Wednesday, September 7th. By now, I think most of us are aware of the huge Canadian content in this year’s Scotiabank Toronto Waterfront Marathon — of it being a defacto Olympic Trials race, with the best group of Canadian men we’ve had in 25 years going head-to-head for 3 places in London 2012.
But this is a relatively new thing. Since 2006, STWM has built a strong, international marathon race, that has helped earn an IAAF Silver Label. Last year, for example, we saw the four fastest men’s times ever run on Canadian soil [5 guys under 2:08:30], and the four fastest women’s times ever run in Canada. Our top 3 women last year ran the 6th, 7th and 8th fastest women’s marathon times in the WORLD in 2010. That earned us a 3rd-best in the world rankings (after only London & Chicago) for our Women’s Race from all-athletics.com; and her 2:22:42 earned Sharon Cherop a much-coveted place on the Kenyan Team at the World Cup in Daegu last week. In her own words, “Toronto changed my life.” The performances of such international athletes has also changed the life of our event, propelling it to a major place on the world marathon circuit — not New York or Chicago, but a Frankfurt, Amsterdam, Rome or Tokyo in that very next tier. We’re enormously appreciative of the efforts and accomplishments of our international athletes, who bring their dreams, their tremendously hard work and talents to our city, our country. The excitement they’ve generated for marathoning in Toronto and Canada is indisputable.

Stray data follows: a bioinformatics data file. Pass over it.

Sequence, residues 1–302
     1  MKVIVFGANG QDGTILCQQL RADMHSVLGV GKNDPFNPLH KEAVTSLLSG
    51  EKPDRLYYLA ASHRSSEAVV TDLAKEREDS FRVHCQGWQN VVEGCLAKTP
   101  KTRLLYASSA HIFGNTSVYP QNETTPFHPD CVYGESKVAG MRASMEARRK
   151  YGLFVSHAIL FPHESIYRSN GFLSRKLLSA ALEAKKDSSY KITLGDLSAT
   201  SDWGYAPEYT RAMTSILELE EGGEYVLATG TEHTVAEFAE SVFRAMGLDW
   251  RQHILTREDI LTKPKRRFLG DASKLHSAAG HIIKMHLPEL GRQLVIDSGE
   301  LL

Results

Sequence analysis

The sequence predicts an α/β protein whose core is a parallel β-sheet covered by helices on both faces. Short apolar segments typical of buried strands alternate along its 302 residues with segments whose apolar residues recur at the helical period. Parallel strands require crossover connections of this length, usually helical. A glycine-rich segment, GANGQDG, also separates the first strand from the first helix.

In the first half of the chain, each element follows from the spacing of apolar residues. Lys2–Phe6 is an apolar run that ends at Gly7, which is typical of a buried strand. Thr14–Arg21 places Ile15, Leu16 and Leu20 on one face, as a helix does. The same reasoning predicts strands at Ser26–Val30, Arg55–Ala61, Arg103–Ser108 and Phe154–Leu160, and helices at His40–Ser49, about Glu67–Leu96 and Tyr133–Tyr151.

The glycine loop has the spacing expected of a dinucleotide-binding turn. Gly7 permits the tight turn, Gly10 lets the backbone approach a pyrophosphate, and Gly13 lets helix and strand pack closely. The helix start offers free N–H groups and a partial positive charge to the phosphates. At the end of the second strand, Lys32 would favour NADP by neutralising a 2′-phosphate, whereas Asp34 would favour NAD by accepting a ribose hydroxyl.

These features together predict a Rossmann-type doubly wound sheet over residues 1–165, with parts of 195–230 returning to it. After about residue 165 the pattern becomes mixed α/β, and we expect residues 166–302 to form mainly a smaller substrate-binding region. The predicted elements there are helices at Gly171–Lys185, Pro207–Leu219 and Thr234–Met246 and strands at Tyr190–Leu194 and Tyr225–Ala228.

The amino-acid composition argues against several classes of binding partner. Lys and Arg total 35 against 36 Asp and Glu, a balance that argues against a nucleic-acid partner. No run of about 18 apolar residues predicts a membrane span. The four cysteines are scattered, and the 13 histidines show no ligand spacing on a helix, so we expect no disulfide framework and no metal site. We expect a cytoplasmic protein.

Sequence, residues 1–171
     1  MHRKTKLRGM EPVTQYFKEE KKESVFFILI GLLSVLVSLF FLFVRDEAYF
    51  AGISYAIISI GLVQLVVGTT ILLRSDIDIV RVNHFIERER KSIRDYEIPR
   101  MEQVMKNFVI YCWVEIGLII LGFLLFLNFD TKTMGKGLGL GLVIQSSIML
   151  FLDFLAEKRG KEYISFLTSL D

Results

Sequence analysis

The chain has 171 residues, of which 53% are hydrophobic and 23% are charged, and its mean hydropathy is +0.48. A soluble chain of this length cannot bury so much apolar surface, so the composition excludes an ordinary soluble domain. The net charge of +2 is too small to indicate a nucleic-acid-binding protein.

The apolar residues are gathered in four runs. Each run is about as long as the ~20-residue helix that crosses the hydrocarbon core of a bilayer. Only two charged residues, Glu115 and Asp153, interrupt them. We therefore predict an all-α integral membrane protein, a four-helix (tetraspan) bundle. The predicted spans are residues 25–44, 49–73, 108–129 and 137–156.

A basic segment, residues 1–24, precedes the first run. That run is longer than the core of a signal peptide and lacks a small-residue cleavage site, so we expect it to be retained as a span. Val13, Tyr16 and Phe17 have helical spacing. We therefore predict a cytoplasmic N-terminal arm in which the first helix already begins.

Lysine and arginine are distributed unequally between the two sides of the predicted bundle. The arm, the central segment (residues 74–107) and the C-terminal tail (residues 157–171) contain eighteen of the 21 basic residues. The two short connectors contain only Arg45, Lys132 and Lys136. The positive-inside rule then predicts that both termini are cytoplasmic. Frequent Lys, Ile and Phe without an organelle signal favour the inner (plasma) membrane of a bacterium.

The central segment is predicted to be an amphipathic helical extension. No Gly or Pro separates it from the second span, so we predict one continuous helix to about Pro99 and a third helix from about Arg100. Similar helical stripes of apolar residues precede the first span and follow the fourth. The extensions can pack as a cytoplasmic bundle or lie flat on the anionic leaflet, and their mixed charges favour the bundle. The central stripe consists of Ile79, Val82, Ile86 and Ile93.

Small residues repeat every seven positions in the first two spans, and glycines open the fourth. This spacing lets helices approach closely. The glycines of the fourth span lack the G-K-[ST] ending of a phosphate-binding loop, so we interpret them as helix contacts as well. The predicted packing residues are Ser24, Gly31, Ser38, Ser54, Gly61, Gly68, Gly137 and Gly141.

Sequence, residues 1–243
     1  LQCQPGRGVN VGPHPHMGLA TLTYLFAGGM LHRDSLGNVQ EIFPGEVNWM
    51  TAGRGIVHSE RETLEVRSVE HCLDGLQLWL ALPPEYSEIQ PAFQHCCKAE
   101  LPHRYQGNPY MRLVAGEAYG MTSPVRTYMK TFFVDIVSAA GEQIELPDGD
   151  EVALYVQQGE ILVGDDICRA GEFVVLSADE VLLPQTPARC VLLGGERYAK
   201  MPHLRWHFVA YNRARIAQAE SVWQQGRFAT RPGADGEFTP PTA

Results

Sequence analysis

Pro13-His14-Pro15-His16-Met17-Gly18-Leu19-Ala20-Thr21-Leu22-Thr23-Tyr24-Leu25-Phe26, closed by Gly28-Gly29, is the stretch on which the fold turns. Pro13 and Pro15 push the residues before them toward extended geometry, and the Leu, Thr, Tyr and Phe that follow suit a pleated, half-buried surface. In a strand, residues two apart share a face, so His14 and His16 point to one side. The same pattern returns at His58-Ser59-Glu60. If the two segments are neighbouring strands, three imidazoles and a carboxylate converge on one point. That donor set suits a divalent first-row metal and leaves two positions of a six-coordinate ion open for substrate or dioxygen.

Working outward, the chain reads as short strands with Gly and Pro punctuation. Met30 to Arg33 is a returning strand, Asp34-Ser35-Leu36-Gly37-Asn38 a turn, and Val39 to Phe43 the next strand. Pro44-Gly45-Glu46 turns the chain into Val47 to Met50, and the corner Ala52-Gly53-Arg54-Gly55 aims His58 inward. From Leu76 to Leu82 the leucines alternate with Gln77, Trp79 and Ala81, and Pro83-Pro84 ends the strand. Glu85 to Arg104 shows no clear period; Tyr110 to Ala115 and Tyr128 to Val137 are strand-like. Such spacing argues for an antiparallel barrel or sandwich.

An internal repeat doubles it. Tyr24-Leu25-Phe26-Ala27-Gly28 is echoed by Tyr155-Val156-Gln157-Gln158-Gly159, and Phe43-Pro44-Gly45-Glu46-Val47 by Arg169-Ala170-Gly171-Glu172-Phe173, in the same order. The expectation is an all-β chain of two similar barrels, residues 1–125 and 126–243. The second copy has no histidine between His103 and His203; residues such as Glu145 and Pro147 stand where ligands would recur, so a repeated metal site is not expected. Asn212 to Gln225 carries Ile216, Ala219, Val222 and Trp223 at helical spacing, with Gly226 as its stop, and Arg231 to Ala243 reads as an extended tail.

So who are the international stars of tomorrow that we’ll be seeing on the streets of T.O. this Fall? Who will be the next Sharon Cherop or Abderrahime Bouramdane [4th in Daegu Men's Marathon; 2nd at STWM 2006]?
Over the next few weeks, Paul Gains will introduce us to several of the leading contenders. Today, it’s Mare Dibaba. Get to know her a little better. Enjoy racing, running with her on October 16th.
‘Ambitious Dibaba Looking for Ethiopian Olympic Place’
by Paul Gains
With defending Scotiabank Toronto Waterfront Marathon champion Sheron Cherop representing Kenya at the 2011 IAAF World Athletics Championships in Daegu, Korea, last week (andwinning the bronze medal!) the women’s STWM race ought to be wide open. But nobody needs to tell Mare Dibaba that.
The 21 year old Ethiopian has been on a tear since her debut marathon in Rome in March 2010 where she ran 2:25:38. Seven months later she improved her best time to 2:25:27 in Frankfurt placing 5th in an impressive field. Sandwiched in between were victories in her first two races on North American soil the Bobby Crim 10 miler and the Parkersburg News and Sentinel Half Marathon.
It’s abundantly clear she has the potential to do something special in Toronto, October 16th. The race is an IAAF Silver Label event which is the reason it is attracting such prestigious runners.
“I am expecting to run between 2:22 and 2:23 if I have a good pacemaker,” says the young lady who, it should be noted, holds the Ethiopian national record in the half marathon (1:07:13). “I am looking for a good time so I can go to the London Olympics.”